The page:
Do not attempt to observe or photograph the sun without the proper equipment and a thorough understanding of the risks involved. The photos on this page were taken with specialized filters designed to allow safe observation and photography of the sun.
The sun’s photosphere photographed at 1400 EDT, 1 January 2013 from Hamilton, Ontario. Photographed with an 80 mm f/15 achromatic refractor and Nikon D5100 at prime focus with mylar solar filter. Processed in Adobe Photoshop Elements to keep the red channel, with some adjustment to contrast, brighness and sharpness. Camera settings: ISO 100, shutter 1/1000.
Set-up for solar photographs from an apartment balcony. An 80 mm f/15 achromatic refractor telescope, bought used for $100, mounted on a GE4 equitorial mount (also picked up used), with a mylar solar filter over the objective. At the eyepiece end is a Nikon D5100 dSLR body at prime focus. The photo above, of the sun’s photosphere on 1 Jan 2013, was taken with this set-up.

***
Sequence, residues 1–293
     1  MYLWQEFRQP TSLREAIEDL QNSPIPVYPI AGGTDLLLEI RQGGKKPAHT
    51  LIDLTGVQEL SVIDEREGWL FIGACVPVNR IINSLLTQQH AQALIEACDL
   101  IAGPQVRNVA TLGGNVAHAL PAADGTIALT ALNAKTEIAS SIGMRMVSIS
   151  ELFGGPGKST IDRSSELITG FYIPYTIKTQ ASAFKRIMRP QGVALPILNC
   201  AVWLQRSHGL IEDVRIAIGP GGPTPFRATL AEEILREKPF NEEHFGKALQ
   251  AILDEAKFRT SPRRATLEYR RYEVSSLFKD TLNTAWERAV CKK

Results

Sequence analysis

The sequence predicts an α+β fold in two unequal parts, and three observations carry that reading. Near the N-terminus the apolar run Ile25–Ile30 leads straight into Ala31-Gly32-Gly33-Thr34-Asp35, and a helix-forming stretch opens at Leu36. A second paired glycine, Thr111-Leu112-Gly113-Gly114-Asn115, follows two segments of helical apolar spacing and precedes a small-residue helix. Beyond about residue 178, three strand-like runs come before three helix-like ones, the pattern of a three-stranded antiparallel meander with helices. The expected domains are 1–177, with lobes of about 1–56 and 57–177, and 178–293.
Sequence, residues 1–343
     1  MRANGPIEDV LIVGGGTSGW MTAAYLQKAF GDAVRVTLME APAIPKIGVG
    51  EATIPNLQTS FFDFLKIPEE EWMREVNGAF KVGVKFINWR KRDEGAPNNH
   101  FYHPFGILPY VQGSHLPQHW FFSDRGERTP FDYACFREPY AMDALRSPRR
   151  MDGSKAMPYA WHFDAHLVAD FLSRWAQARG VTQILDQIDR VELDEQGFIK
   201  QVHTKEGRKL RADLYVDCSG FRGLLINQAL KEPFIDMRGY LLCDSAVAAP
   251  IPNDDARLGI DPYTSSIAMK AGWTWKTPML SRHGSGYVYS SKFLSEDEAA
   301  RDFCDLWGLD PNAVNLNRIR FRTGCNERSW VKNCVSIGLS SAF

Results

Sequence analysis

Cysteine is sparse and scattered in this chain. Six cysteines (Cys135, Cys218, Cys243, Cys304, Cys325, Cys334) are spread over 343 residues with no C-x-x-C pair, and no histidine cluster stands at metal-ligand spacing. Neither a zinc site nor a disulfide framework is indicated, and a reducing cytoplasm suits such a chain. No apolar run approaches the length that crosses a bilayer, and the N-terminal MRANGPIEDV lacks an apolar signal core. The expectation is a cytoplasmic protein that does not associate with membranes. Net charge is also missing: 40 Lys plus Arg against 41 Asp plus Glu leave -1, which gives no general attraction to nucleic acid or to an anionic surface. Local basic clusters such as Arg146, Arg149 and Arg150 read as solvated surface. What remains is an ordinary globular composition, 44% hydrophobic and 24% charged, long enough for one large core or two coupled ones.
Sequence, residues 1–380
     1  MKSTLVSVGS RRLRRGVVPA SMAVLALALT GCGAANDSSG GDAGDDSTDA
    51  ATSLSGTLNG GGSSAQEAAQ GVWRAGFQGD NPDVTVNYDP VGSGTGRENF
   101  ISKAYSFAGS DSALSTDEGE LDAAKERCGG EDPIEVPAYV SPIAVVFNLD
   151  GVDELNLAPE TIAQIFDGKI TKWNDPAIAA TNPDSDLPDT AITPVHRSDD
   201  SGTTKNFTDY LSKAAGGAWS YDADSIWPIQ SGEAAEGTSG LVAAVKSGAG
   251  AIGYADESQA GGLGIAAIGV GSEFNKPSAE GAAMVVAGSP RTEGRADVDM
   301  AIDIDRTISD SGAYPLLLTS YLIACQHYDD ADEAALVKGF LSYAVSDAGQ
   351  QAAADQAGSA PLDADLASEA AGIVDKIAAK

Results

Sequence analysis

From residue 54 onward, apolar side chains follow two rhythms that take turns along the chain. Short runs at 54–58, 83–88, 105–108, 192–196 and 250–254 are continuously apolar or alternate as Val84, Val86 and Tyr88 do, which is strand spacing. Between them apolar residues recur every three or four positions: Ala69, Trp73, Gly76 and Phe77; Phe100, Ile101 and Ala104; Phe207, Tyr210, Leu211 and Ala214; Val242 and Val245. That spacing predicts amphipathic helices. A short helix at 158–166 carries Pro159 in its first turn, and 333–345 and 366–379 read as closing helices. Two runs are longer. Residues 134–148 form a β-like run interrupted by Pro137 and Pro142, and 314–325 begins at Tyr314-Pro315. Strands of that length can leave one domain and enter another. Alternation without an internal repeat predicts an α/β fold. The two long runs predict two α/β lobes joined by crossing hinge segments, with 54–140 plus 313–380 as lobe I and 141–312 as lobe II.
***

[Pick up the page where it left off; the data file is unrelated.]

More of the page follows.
a) The sun’s photosphere photographed 30 December 2012 from the Sydenham Road lookout, Dundas, ON. Photographed with a Sigma 150-500mm telephoto lens, 1.4x Sigma teleconverter, Nikon D5100 dSLR, and mylar solar filter, mounted for convenience on a small equatorial mount. ISO100, 1/1250 sec, f/16. Processed in PhotoShop Elements to show just the red channel. Converted to monochrome; brightness and contrast adjusted to taste. Very happy with this image: compares well to today’s photo of the photosphere taken by NASA’s Solar Dynamics Observatory.
b) NASA Solar Dynamics Observatory image of the photosphere taken 30 December 2012, Courtesy of NASA/SDO and the AIA, EVE, and HMI science teams. http://www.sdo.gsfc.nasa.gov
A shot of the sun, 2:30 PM 22 December 2012, from Dundas, Ontario. A windy and cloudy day with just a few breaks in the clouds. A few sunspots are in evidence. Photographed with a Sigma 150-500 mm lens, Sigma 1×4 telecoverter, and Nikon D5100 body on an Orion astrophotography mount. Mylar solar filter, ISO 100, 1/800 sec., f/11, 700 mm focal length.
© 2012, David Allan Galbraith